Agnicayana, Agni-cayana: 7 definitions
Agnicayana means something in Hinduism, Sanskrit, the history of ancient India. If you want to know the exact meaning, history, etymology or English translation of this term then check out the descriptions on this page. Add your comment or reference to a book if you want to contribute to this summary article.
Alternative spellings of this word include Agnichayana.
India history and geographySource: Cologne Digital Sanskrit Dictionaries: Indian Epigraphical Glossary
Agni-cayana.—(EI 32; IA 19), a sacrificial rite. Note: agni-cayana is defined in the “Indian epigraphical glossary” as it can be found on ancient inscriptions commonly written in Sanskrit, Prakrit or Dravidian languages.
The history of India traces the identification of countries, villages, towns and other regions of India, as well as royal dynasties, rulers, tribes, local festivities and traditions and regional languages. Ancient India enjoyed religious freedom and encourages the path of Dharma, a concept common to Buddhism, Hinduism, and Jainism.
Languages of India and abroad
Sanskrit dictionarySource: DDSA: The practical Sanskrit-English dictionary
Agnicayana (अग्निचयन).—. arranging or keeping the sacred fire (agnyādhāna); चित्याग्निचित्ये च (cityāgnicitye ca) P.III.1.132.
-yaḥ, -yanaḥ the Mantra used in this operation.
Derivable forms: agnicayanam (अग्निचयनम्).Source: Cologne Digital Sanskrit Dictionaries: Aufrecht Catalogus Catalogorum
1) Agnicayana (अग्निचयन) as mentioned in Aufrecht’s Catalogus Catalogorum:—śr. Oppert. 1373. 1730. 1731.
2) Agnicayana (अग्निचयन):—Taitt. Sb. 87.
3) Agnicayana (अग्निचयन):—Āpast. Cs. 210.Source: Cologne Digital Sanskrit Dictionaries: Monier-Williams Sanskrit-English Dictionary
Agnicayana (अग्निचयन):—[=agni-cayana] [from agni] n. arranging to preparing the sacred or sacrificial fire-placeSource: Cologne Digital Sanskrit Dictionaries: Goldstücker Sanskrit-English Dictionary
Agnicayana (अग्निचयन):—[tatpurusha compound] n.
(-nam) Arranging the fire-place, a sa-crificial ceremony, viz. arranging on a piece of ground of merely a fathom’s length, which must have been previously ploughed, consecrated bricks (see iṣṭakā), so as to make them to imitate the shape of a bird. There are five or in some case, six such chitis (q. v.) required for receiving the sacrificial fire. E. agni (in the sense of the dat.) and cayana.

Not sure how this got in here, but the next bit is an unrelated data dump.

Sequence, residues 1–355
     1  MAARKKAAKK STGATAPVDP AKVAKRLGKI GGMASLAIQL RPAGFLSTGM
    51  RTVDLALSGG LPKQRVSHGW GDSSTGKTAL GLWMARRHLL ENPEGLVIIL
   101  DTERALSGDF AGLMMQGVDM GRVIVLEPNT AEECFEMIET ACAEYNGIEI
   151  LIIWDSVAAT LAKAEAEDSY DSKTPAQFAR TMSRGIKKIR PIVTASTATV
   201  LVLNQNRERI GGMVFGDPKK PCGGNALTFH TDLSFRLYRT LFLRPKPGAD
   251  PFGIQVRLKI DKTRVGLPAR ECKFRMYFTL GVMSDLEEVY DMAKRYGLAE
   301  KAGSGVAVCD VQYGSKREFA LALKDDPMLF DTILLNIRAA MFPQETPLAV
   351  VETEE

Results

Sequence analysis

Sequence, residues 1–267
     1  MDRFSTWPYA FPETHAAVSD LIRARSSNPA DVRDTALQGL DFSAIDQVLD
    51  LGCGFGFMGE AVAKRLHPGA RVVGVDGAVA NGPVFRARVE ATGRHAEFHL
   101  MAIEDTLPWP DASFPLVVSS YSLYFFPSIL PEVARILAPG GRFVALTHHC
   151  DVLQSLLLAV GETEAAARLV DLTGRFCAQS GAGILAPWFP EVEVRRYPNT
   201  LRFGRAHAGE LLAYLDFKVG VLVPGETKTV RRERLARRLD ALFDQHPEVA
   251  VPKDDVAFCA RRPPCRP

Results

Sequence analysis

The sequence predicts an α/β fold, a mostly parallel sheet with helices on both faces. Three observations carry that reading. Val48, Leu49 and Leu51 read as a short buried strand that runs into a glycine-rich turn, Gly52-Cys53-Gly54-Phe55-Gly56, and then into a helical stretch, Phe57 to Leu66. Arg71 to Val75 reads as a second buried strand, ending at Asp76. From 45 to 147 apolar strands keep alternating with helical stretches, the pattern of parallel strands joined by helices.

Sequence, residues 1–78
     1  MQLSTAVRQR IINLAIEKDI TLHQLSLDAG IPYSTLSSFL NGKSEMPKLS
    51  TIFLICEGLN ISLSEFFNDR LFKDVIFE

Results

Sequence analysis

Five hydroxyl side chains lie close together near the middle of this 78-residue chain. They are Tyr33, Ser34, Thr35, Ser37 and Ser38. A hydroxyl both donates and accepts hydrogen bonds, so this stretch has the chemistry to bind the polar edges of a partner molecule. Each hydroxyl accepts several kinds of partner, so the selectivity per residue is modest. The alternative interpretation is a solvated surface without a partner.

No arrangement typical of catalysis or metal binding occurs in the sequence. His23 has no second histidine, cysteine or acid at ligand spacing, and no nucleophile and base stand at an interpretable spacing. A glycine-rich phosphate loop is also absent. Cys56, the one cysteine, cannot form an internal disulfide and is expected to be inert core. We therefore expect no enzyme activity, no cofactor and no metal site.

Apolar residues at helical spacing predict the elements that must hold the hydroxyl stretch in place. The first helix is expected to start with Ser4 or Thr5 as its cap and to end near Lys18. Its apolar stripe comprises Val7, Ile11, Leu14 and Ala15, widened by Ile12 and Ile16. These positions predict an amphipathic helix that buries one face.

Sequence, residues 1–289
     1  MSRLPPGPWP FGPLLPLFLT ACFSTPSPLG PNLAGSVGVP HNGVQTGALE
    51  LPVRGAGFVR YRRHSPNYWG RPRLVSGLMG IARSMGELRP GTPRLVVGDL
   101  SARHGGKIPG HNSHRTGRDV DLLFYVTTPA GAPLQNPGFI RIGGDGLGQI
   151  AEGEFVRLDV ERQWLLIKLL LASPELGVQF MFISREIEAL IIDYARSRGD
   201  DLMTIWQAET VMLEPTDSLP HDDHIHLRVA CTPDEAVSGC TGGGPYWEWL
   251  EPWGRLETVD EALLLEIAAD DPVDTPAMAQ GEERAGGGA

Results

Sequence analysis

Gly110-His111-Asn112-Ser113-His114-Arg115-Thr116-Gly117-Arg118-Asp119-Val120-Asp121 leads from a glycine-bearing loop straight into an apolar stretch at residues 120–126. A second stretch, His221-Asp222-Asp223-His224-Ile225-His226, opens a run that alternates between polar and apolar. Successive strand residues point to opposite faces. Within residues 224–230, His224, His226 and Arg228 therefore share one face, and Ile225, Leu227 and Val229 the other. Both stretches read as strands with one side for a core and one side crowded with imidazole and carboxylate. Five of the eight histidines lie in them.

[Sanskrit to German] (Deutsch Wörterbuch)Source: Cologne Digital Sanskrit Dictionaries: Böhtlingk and Roth Grosses Petersburger Wörterbuch
Agnicayana (अग्निचयन):—(agni + cayana) Anlegung des heiligen Feuers [The Śatapathabrāhmaṇa] bei [Akademische Vorlesungen 115.] [Vājasaneyisaṃhitā 11 - 18.] enthält agnicayanamantraḥ .Source: Cologne Digital Sanskrit Dictionaries: Sanskrit-Wörterbuch in kürzerer Fassung
Agnicayana (अग्निचयन):—n. das Schichten des Feueraltars [Indische studien von Weber 13,217.]
Sanskrit, also spelled संस्कृतम् (saṃskṛtam), is an ancient language of India commonly seen as the grandmother of the Indo-European language family (even English!). Closely allied with Prakrit and Pali, Sanskrit is more exhaustive in both grammar and terms and has the most extensive collection of literature in the world, greatly surpassing its sister-languages Greek and Latin.
See also (Relevant definitions)
Ends with: Mahagnicayana.
Full-text (+2): Agnicit, Agnicitya, Anagni, Amriteshtaka, Agniciti, Acit, Agnisancaya, Amritaciti, Anagnicitya, Vasordhara, Agnicitvat, Sagnicitya, Apavrikti, Yajushmant, Agnicaya, Cayana, Chandasya, Agnika, Agnyadhana, Apija.
Search found 8 books and stories containing Agnicayana, Agni-cayana; (plurals include: Agnicayanas, cayanas). You can also click to the full overview containing English textual excerpts. Below are direct links for the most relevant articles:
Satapatha Brahmana (by Julius Eggeling)
Kāṇḍa IX, adhyāya 5, brāhmaṇa 1 < [Ninth Kāṇḍa]
Introduction to volume 4 (kāṇḍa 8-10) < [Introductions]
Kāṇḍa XIII, adhyāya 1, brāhmaṇa 7 < [Thirteenth Kāṇḍa]
Paraskara-grihya-sutra (by Hermann Oldenberg)
Vedic influence on the Sun-worship in the Puranas (by Goswami Mitali)
Part 41 - Sun-god and the Image-Worship < [Chapter 2 - Salient Traits of the Solar Divinities in the Veda]
Brahma Sutras (Nimbarka commentary) (by Roma Bose)
Brahma Sutras (Vedanta Sutras) (by George Thibaut)
Mimamsa interpretation of Vedic Injunctions (Vidhi) (by Shreebas Debnath)